p. 208 – “That is your privelege, you pseudo-cynical old pussy-cat, watching lie from the sidelines and knowing where all the players go wrong. Life is a spectator sport to you.” -Liesl
The idea of being fifth business by choice,but is it an unconscious choice? It definitely doesn’t seem to be shyness that leads someone into a fifth business sort of role, but rather a different/less prominent form of arrogance as they stand back and observe.
p. 213 – “This is the revenge of the un lived life, Ramsay. Suddenly it makes a fool of you.” -Liesl. Dunstan ends his story with the words, “And that, Headmaster, is all I have to tell you.”
-Are all characters in this book necessarily a sort of fifth business in themselves? Is the author trying to say that really, we’re all fifth business to someone? That is, we’re all equal and there are no leads except from our own individual, limited perspectives?
“Cast by Fate and my own character for the vital though never glorious role of Fifth Business!” (9).
has he led a rich and full life, in his own way?
p.187 “A man with my physical needs can’t be tied down to one woman – especially not a woman who doesn’t see sex as a partnership – who doesn’t give anything, who just lies there like a damned sandbag”
Boy doesn’t respect his wife Leola. The culture towards women is interesting in this novel .They are either viewed as sexual objects , or mentally ill asylums (Mary dempster)
p. 240 – After mentioning that he could share all he knows about Boy… “And even then, would it have been the truth?”
Perhaps he is confessing that he’s an unreliable narrator. But is he unreliable in the sense of being a liar and a fake? Or is he unreliable because memory is a tricky thing and perspectives differ from person to person? Did Boy ever really forget what he’d done with the snowball? Or did he carry the guilt but, unlike Ramsay, was too proud to admit it? Is that the real reason he kept Ramsay in his confidences — as a sort of penance?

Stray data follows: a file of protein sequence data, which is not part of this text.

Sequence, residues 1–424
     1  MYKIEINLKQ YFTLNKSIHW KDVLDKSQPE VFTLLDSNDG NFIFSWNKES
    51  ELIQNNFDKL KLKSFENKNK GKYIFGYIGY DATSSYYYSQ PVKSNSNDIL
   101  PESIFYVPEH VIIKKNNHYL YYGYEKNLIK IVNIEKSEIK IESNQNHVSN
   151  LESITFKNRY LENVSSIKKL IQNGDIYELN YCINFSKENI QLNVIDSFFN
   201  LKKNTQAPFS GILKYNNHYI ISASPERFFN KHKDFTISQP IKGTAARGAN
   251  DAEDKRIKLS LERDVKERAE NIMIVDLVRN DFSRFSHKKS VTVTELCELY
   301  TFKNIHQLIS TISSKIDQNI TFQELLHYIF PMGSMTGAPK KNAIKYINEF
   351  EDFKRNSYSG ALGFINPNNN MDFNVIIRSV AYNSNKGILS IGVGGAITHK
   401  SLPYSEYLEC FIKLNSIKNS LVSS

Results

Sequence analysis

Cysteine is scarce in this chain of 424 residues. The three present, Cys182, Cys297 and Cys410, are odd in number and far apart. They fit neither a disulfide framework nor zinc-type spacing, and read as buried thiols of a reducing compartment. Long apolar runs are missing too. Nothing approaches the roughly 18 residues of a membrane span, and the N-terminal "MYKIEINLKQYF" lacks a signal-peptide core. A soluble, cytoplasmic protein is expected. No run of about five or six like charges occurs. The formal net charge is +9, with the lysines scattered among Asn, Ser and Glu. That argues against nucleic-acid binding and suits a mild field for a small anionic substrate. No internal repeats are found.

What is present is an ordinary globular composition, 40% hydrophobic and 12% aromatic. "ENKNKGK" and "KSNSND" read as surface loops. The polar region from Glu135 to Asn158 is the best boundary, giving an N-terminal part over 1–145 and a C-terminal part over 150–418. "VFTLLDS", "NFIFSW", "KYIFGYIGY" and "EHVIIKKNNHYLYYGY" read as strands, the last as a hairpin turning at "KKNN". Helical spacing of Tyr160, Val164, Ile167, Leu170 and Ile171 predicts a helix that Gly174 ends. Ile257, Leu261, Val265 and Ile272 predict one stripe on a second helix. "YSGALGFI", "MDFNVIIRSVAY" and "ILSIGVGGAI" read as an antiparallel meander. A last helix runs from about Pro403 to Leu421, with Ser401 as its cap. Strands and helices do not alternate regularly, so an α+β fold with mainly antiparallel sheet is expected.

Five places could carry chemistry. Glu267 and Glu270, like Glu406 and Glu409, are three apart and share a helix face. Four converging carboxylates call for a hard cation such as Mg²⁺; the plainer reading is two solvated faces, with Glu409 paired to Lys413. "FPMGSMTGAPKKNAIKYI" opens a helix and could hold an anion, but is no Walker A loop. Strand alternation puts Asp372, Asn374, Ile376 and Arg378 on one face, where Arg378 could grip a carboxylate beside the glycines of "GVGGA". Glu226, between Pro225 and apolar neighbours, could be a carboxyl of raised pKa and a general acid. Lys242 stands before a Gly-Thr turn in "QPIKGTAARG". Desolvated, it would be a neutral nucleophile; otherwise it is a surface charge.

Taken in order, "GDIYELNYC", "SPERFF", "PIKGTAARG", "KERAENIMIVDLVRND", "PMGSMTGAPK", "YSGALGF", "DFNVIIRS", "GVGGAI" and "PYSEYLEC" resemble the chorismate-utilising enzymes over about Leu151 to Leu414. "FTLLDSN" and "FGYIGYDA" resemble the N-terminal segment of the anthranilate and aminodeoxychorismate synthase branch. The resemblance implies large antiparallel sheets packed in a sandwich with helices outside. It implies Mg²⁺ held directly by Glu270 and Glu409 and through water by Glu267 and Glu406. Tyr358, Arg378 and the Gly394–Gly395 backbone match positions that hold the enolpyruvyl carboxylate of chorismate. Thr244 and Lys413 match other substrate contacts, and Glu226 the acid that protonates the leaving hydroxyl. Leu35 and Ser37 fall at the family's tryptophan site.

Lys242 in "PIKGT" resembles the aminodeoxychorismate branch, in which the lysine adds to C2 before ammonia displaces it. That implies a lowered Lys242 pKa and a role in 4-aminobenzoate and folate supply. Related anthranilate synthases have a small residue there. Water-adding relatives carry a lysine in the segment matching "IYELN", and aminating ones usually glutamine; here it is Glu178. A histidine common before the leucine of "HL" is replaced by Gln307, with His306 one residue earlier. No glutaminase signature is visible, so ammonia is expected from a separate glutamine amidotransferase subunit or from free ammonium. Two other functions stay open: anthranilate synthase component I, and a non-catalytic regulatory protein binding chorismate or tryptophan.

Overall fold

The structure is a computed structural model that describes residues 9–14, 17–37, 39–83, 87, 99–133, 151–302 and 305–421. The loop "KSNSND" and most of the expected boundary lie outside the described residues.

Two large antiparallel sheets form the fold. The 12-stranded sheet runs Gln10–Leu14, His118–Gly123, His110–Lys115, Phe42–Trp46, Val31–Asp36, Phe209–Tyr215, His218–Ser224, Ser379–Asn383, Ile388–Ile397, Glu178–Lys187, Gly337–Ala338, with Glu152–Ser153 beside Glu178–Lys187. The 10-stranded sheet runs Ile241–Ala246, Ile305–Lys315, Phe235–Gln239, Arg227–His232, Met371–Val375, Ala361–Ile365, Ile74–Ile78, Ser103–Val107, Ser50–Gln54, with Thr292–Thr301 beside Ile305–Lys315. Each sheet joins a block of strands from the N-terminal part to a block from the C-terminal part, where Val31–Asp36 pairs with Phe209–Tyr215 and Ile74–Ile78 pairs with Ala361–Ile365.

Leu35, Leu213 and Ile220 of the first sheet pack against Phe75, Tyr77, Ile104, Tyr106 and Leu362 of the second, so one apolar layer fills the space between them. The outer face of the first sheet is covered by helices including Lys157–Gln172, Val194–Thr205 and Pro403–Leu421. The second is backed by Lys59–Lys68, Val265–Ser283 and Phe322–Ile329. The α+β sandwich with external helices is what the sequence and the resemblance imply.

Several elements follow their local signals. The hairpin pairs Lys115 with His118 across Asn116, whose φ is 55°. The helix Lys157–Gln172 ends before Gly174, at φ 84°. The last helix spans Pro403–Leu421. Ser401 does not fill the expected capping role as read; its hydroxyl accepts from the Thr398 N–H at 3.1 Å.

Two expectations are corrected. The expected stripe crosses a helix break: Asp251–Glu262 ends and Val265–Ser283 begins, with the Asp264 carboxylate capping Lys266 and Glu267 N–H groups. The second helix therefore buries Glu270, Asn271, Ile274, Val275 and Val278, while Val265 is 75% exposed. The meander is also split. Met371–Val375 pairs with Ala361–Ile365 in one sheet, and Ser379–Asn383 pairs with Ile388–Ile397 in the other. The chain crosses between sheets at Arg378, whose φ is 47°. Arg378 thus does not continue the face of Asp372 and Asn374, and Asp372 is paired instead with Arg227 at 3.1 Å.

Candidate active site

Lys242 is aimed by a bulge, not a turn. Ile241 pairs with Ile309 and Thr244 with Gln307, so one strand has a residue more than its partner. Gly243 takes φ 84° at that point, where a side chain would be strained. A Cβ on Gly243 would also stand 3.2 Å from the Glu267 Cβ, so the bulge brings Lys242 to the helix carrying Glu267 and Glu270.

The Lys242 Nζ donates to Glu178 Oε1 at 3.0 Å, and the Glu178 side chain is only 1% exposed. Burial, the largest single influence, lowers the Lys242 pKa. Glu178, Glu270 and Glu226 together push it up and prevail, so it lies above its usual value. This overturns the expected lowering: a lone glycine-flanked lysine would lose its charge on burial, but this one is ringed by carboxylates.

p.43 “had not been raped, as a decent woman would have been.”
The wives of the community privately prohibit their husbands from expressing any public help for the disgraceful Mary Dempster/ What does this say about their society, and are we any different from them right now? Are we all subconsciously more obsessed with the idea of morality, even in the most unmoral circumstances? Why do we strive to be “morally right”, and judge others based on that?
p.272 “Was he was killed by himself, by the woman he knew, by the woman he did not know, by the man who granted his wish, and by the inevitable fifth, who was the keeper of his conscience and the keeper of the stone.”
Leola could be the woman he didn’t know, and the marriage to her further deepened the bad parts of his character because of his inability to know her. The woman he did know could be represented by his second wife. She was of very similar character to Boy; so much so in that they had such ambition that actually made Boy questions his own social climbing. Perhaps her personal quest for power and prestige, which he recognized as his own character trait, made him re-examine his own motives for ambition. Upon this examination his life was found wanting and hopeless, and, perhaps, he took his own life because of it (or allowed himself to be murdered, perhaps.)
p.112”[He is] not seeking to posture as a hero on this memoir”.
Dunstan is jealous of Boy because of Leola , again idea of being second best…Relives old hurts of Boy and Dunstan
p.157 “Next time I dined with them all the pictures were brought out, and Boy went through them slowly, telling me exactly what H.R.H. had said as each one was taken. At last we came to the ones of Leola”.
Boy forces Leola to become his perfect match . Again, culture of power of a man and submissiveness of the women (Leola).